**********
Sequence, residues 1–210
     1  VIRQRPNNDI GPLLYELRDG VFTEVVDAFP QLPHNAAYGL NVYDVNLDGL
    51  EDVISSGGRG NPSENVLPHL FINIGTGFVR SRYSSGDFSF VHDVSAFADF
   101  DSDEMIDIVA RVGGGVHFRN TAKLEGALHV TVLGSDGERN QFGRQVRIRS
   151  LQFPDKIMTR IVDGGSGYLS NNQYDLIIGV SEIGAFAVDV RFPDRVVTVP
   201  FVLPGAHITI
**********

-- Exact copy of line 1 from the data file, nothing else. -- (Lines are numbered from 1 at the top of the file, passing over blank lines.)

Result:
Sequence, residues 1–210